Rush is ranked higher than any other program in Illinois in orthopedics, geriatrics and nephrology
(CHICAGO) — Rush University Medical Center has once again been named one of the nation’s top hospitals, according to the upcoming issue of U.S.News & World Report. Rush is ranked in 11 of 16 categories included in the magazine’s 2012-13 America’s Best Hospitals issue, which will be on sale in mid-August.
Just 148 of the approximately 5,000 hospitals in the United States — approximately 3 percent — scored high enough this year to rank in at least one specialty nationally.
Rush is ranked higher than any other program in Illinois in orthopedics (No. 11 in the country), geriatrics (No. 12) and nephrology (No. 18). Rush’s other ranked programs are neurology and neurosurgery (No. 17); heart and heart surgery (No. 21); urology (No. 22); gastroenterology (No. 44), ear, nose and throat (No. 46); gynecology (No. 46); pulmonology (No. 47); and diabetes and endocrinology (No. 49).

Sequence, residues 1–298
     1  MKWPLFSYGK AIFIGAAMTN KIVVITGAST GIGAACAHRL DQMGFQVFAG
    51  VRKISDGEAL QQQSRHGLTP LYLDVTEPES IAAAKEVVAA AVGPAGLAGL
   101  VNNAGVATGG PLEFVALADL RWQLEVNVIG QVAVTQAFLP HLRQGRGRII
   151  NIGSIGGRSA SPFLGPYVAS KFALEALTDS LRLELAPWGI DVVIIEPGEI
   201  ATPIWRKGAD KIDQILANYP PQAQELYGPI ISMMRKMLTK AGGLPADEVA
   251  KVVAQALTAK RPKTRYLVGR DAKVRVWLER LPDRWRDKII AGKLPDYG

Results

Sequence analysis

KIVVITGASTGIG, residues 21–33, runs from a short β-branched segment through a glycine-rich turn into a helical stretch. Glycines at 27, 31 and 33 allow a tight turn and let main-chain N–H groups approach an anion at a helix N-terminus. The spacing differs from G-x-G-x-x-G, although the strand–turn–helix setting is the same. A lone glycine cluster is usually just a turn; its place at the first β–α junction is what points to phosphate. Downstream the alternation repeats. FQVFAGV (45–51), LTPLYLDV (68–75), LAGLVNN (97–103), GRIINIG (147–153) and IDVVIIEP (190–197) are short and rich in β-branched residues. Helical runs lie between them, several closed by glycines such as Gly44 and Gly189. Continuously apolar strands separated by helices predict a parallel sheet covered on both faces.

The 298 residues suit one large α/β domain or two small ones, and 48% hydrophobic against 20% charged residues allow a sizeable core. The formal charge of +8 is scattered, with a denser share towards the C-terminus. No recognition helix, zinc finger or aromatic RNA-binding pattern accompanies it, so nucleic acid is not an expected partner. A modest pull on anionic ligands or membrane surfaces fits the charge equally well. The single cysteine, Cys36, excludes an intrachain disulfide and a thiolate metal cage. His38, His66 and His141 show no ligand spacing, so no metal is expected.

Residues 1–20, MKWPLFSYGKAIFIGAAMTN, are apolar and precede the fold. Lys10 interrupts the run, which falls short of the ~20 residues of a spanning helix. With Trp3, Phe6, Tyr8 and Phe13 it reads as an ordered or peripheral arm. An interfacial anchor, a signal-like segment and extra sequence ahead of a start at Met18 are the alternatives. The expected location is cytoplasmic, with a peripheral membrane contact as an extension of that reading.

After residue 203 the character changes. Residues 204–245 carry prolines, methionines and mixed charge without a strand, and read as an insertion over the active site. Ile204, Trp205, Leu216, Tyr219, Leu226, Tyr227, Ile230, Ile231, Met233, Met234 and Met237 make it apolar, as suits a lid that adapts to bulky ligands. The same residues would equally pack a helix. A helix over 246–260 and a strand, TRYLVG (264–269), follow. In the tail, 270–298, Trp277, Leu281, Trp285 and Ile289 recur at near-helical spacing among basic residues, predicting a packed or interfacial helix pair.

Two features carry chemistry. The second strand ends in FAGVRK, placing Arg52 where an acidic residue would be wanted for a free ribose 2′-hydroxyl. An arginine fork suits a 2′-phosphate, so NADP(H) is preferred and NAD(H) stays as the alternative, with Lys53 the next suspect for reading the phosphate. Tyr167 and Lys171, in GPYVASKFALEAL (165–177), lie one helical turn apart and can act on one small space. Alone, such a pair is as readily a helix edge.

In June, U.S.News’ 2012-13 Best Children’s Hospitals rankings included Rush Children’s Hospital in two of the 10 categories, an increase from one last year. Rush Children’s Hospital was ranked No. 35 in gastroenterology and No. 44 in neonatology.
“Rush continues to do great work in a broad spectrum of categories, and these rankings are representative of the outstanding quality of care provided at Rush,” said Dr. Larry J. Goodman, CEO, Rush University Medical Center. “Rush has earned its place among the top academic medical centers in America.”
Now in its 23rd year, the America’s Best Hospitals guide is its most extensive hospital ranking to date. U.S.News says that the purpose of the “America’s Best Hospitals” issue is to help “guide patients to hospitals with strong skills in the procedures and medical conditions that present the biggest challenges. All of these hospitals are the kinds of medical centers that should be on your list when you need the best care. They are where other hospitals send the toughest cases.”
Hard numbers stand behind the rankings in most specialties — death rates, patient safety, procedure volume, and other objective data. Responses to a national survey, in which physicians were asked to name hospitals they consider best in their specialty for the toughest cases, also were factored in.